A.J. Fitzwater was the winner of the Best New Talent award, although she said that she’s been at it for five years so being called “new” was an odd thing to wrap her head around. She read us an excerpt from her latest story about to be published in Andromeda Spaceways Inflight Magazine, Issue 61 – “Long’s Confandabulous Clockwork Circus and Carnival, and Cats of Many Persuasions” which seems to have a ‘carni-punk’ setting so look out for that one. A. J. also spoke about her experiences at the prestigious Clarion Writers workshop last year where she underwent an intensive six weeks of tutoring and writing with top writers such as Ann and Jeff Vandermeer, Nora Jemisin, and Catherynne Valente.

Spec Fic displayOur final winner was Rebecca Fisher who won the prize for Best Fan Writing. Fan writing isn’t the same as fan fiction, but rather is awarded for blogging, interviewing, reviewing and other forms of writing about speculative fiction. She has a popular blog They’re All Fictional, guest blogs at various sites and is a top reviewer on Amazon so if you’re into the genres she’s one to follow.

Connecting with New Zealand genre authors and their work isn’t always easy, so events like this are really important. If you want to find out more about these great authors follow the links above and keep an eye on the Sir Julius Vogel Awards and the SFFANZ (for science fiction and fantasy) or other NZ book sites.

Armchair travel

One of my favourite aspects of reading is being able to travel without leaving my chair, but sometimes a book’s setting is so evocative that I find myself idly scanning the local travel agent’s window for flights on the way to the supermarket.

Cover of My Real ChildrenSometimes I even get a bit obsessive, flicking through guide books at work and investigating the history of whatever country has captured my interest. I’ve always been this way — a tour through the UK as a child was filled with trips in search of Swallows and Amazons, Beatrix Potter‘s cottage, and A. A. Milne‘s Hundred Acre Woods. I’m a total nerd about literary landscapes.

My most recent obsession was sparked by Jo Walton’s My Real Children. Patricia Gowan, slowly succumbing to dementia, can remember two life histories: did she marry Mark, have four children and an unhappy marriage, but live in a more peaceful world than our own? Or did she meet Bee, have three children and a wonderful relationship, but suffer setbacks and a world filled with war?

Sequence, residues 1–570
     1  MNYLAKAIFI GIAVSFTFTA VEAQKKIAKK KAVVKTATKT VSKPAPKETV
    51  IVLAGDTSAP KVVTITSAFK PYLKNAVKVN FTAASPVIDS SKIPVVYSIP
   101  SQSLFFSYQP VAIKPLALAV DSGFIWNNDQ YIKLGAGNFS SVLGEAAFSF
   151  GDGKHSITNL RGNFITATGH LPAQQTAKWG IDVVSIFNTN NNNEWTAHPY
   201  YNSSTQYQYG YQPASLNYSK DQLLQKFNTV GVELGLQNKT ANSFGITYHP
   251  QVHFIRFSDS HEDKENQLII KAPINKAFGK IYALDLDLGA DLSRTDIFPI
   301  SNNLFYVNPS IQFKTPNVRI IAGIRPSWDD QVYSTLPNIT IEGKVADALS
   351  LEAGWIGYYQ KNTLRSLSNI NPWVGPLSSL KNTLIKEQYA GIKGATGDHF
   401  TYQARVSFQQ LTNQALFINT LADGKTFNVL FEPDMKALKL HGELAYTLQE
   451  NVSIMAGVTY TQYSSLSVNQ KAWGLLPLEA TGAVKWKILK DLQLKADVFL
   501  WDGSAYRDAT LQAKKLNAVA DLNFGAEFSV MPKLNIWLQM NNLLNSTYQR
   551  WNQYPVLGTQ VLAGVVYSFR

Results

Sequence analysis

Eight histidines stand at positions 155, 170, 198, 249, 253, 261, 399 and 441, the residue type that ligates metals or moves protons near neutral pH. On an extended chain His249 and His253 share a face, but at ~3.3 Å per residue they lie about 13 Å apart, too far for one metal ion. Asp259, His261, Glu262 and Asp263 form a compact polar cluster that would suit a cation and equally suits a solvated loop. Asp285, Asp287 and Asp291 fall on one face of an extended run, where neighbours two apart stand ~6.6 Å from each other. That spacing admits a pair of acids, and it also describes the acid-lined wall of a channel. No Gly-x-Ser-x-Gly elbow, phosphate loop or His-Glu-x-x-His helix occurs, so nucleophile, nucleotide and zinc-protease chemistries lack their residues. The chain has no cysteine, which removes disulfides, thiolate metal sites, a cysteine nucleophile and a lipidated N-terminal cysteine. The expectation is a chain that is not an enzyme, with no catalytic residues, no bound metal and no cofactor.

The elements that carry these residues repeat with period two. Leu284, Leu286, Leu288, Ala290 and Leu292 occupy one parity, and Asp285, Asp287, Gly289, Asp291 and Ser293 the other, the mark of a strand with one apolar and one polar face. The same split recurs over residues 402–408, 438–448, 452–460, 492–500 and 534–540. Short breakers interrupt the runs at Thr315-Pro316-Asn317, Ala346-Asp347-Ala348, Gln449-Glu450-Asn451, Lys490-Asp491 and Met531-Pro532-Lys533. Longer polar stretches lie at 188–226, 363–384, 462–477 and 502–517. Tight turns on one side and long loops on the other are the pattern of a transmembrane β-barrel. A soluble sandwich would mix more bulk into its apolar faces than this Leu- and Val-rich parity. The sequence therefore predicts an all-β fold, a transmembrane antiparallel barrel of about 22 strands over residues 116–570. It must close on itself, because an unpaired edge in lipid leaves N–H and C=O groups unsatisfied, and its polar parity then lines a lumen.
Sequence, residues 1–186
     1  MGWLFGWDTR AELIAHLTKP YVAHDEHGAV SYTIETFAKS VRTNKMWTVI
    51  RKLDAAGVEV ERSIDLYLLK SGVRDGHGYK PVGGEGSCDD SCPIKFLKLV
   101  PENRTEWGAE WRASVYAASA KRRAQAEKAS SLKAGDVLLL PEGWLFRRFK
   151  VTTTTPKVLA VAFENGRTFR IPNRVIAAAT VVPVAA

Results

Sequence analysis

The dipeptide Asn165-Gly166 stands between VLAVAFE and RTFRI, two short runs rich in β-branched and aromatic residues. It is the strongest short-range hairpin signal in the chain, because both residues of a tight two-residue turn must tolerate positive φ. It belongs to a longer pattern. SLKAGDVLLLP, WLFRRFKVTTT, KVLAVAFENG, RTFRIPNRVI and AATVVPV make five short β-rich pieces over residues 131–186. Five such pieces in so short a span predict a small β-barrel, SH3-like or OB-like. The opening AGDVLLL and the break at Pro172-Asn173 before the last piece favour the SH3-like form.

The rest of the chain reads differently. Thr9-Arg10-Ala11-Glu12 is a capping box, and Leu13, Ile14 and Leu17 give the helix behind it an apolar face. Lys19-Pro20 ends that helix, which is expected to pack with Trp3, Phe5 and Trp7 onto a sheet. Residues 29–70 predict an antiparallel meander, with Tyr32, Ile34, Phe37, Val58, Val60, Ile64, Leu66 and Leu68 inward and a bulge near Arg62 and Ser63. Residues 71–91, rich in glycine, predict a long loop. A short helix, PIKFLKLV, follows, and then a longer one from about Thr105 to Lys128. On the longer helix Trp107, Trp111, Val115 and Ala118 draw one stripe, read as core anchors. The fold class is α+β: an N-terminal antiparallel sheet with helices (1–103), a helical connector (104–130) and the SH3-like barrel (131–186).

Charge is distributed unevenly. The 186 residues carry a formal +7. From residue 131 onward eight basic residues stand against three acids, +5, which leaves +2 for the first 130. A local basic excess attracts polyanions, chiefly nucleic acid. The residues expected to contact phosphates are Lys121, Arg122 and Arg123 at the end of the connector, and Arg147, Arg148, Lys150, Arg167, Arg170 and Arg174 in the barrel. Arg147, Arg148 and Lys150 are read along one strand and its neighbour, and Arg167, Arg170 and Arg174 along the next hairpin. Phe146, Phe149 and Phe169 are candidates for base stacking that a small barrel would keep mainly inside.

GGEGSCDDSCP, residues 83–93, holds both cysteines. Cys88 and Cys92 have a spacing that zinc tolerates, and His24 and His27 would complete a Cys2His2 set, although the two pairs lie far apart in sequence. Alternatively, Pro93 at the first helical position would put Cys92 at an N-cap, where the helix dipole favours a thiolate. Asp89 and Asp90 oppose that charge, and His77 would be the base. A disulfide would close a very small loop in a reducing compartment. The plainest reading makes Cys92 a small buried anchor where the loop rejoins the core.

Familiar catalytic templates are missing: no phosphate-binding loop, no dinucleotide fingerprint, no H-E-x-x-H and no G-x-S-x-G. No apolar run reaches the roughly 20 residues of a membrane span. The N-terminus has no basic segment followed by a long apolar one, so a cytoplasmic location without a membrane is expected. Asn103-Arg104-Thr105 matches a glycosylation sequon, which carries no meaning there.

I’m always a fan of alternate histories, and the experiences and choices Patricia makes are certainly thought-provoking, but the holidays Patricia spends in Florence were what really grabbed me. In her timeline as a travel writer Patricia and Bee spend a lot of time in Italy, and the descriptions of their summers there — eating gelato from Perché No!, drinking vino bianco in the sun — well, it makes me drool. I’ve even started learning Italian with Mango Languages. Un centinaio di gelati, per favore? And the Art Lover’s Guide to Florence has me trawling the Uffizi Gallery online. I have it bad! Luckily my next read, The Borgias, should cure my Italy obsession.

Are there any books you’ve read that get you filled with wanderlust? Let me know in the comments — especially if flights are cheap!

NoViolet Bulawayo: The Interview. WORD Christchurch

Chatting with NoViolet at WORD

Straight after NoViolet Bulawayo‘s presentation on her book We Need New Names at WORD Christchurch Writers and Readers Festival, I cornered her for a chat. We settled at a table with a view at Rydges Hotel, one that overlooked Latimer Square and the Transitional Cathedral. Perfect. I set up the recorder, the coffee arrived and we were on our way:

You’ve just spent an hour, centre stage, talking about your book to a very large audience. How do you feel about speaking in public like this, is it similar to the story-telling of your childhood?:

I have had to get used to it, but what makes me more comfortable is if I am talking to people who are interested, who have read the book and who have actually paid to hear me! So that makes me feel OK. As for the story-telling, I can say Yes and No. It does feel like oral story-telling in some ways, only now I am having to do it in English and I can feel the language being a barrier all the time, in ways that I don’t feel when I am talking in my home language where it just flows better for me.

How do you fit writing into your day?